Strong winds wreaked havoc on the Kenai Peninsula on Wednesday, spreading a wild fire outside Anchor Point, downing power lines and interrupting electricity service.
According to the National Weather Service, winds ranging from 30 to 60 mph blew throughout Southcentral and Southeast Alaska on Wednesday. In Kenai, fire department personnel at the Kenai Municipal Airport reported winds averaging at about 46 mph, with at least one gust of up to 51 mph.
The weather service expected the winds to continue today and Friday, tapering off Friday night.
Locally, the winds' worst effects were on the south end of the peninsula, where a grass fire erupted mid-day Wednesday north of Cottonfield Avenue near Anchor Point. Driven by the winds, the fire had grown to between 20 and 30 acres by 5 p.m.
Some 30 firefighters from the Anchor Point Fire and Emergency Service Area, the Homer Volunteer Fire Department, the Ninilchik Fire Department and the State Division of Forestry were engaged in the attempt to contain the blaze and keep it from spreading, said forestry spokesperson Sharon Roesch.
"The fire is about 10 to 20 percent contained," Roesch said at about 6:40 p.m. Wednesday, shortly after getting the latest update from the incident commander. "It is still north of Cottonfield."
At that time, Cottonfield Avenue was still open, but motorists were being asked to avoid using it if possible.
Two elderly residents were evacuated from a home north of the fire at about 4:15 p.m., Roesch said.
Annette Hakkinen of the American Red Cross said one family was evacuated by helicopter and troopers were evacuating others to the Anchor River Inn. The Red Cross will house some families at the inn and will set up a shelter for others potentially affected by the fire.
Although the fire was being buffeted by strong north winds, it was nevertheless crawling toward the north as it consumed extremely dry grass, Roesch said.
"The fire was backing into the wind," she said, adding that it was burning mostly grass, but some spruce was involved.
As of 6:40 p.m., the division had reports that two structures had been burned, but it was not known if those were homes or outbuildings.
Roesch said the division would be in contact with the weather service to stay updated on wind speed and direction as day turned into night.
The division also issued a red flag warning for fire danger early Wednesday, advising residents to refrain from all outdoor burning until further notice. Individuals with burned brush or debris piles were urged to check the piles for burning embers that may have surfaced and to turn the pits over and soak them with water to make sure all fires are out.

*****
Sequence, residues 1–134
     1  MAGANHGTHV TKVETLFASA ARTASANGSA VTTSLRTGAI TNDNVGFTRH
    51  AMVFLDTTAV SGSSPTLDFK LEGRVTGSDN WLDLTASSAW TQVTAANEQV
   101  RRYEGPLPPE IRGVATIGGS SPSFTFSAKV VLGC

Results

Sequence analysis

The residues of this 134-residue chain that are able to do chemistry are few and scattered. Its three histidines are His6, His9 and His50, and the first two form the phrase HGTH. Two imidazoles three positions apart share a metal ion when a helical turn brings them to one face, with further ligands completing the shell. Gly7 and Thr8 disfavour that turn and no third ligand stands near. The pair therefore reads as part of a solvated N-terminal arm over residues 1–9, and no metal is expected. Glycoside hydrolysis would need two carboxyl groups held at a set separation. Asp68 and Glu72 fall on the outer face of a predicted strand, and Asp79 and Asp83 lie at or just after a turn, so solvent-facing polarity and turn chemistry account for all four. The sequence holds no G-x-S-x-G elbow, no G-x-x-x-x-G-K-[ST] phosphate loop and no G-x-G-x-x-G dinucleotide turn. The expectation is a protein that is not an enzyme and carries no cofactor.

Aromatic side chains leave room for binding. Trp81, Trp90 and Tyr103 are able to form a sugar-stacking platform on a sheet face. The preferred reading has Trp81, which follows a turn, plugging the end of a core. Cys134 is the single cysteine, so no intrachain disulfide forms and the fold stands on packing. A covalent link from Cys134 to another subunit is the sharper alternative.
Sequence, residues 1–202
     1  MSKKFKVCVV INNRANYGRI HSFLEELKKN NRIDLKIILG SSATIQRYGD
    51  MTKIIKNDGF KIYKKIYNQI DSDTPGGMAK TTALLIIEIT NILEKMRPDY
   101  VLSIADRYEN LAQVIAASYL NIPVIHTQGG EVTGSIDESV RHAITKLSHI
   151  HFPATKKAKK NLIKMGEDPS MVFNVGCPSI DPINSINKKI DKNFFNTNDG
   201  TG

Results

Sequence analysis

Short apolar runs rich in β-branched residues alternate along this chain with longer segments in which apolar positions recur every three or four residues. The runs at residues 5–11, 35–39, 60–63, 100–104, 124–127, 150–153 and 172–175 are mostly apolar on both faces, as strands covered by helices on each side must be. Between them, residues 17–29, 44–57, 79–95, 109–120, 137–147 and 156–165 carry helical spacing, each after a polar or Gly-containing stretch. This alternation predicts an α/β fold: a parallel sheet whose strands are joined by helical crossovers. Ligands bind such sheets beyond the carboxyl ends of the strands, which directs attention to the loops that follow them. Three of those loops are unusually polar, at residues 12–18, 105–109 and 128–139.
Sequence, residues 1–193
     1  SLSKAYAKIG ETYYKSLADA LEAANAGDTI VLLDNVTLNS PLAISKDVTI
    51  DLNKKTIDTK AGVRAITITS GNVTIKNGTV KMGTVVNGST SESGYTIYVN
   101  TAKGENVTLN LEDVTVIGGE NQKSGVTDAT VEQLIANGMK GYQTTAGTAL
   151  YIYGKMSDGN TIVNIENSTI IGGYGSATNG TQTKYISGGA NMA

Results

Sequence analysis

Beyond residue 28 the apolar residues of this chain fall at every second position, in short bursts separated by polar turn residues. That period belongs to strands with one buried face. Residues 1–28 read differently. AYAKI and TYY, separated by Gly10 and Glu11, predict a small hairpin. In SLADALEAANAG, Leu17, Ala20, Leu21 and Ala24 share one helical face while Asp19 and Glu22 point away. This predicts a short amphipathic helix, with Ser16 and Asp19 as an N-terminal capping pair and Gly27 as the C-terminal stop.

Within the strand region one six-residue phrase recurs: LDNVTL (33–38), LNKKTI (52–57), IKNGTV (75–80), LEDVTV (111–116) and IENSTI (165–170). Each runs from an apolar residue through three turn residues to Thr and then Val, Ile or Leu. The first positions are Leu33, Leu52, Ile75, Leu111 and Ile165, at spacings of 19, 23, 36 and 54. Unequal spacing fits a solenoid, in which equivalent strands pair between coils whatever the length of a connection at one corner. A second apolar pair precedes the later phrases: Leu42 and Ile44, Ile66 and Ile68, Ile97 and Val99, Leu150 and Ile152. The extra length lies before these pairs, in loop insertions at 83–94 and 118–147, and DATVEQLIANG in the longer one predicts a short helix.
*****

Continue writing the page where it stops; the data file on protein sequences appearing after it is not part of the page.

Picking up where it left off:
The red flag warning extended not only through the Kenai Peninsula, but also to Anchorage, Palmer, Big Lake and Talkeetna.
On the central peninsula, Nikiski Fire Chief Dan Gregory also expressed concern about fires spreading in the gusty conditions.
"With winds the way they are and dryness the way it is, we're pretty worried about starting brush fires," he said.
He echoed the Forestry Division's warning about burning, saying both open and barrel burns were prohibited until further notice.
He also said residents should use extra care with wood stoves and fireplaces, which are likely to see increased use as the winds knock out power.
The Nikiski Fire Department spent much of Wednesday responding to downed power lines throughout the area, Gregory said.
Joe Gallagher, spokesperson for Homer Electric Association, said power outages and downed lines were common throughout the day Wednesday.
The first outage occurred around 11:40 a.m. in the Mackey Lake Road area near Soldotna. HEA crews responded and had power restored by about 12:45 p.m., Gallagher said.
"Then, after that, it's been pretty steady, scattered outages everywhere," he said.
One of the larger outages hit the Robinson Loop area near Sterling, while another knocked out power on Holt-Lamplight Road in Nikiski. An outage also hit downtown Kenai in the afternoon, shutting off power to area businesses and turning off traffic lights.
All those outages were caused by trees hitting power lines, Gallagher said. In most cases, the contact simply disrupted power, though he added that a few trees were sparked with fire from the power lines.
Also Wednesday, a HEA transmission line problem near Bradley Lake knocked out power to about 1,100 residents in the Fritz Creek area near Homer, Gallagher said. Crews also were dealing with that outage, but were unsure what had caused the problem. Gallagher said it likely was wind-related.
He said crews planned to work well past 5 p.m. Wednesday to get all power restored, but he expected the possibility of more outages as winds continue throughout the week.
"We're doing the best we can," he said.
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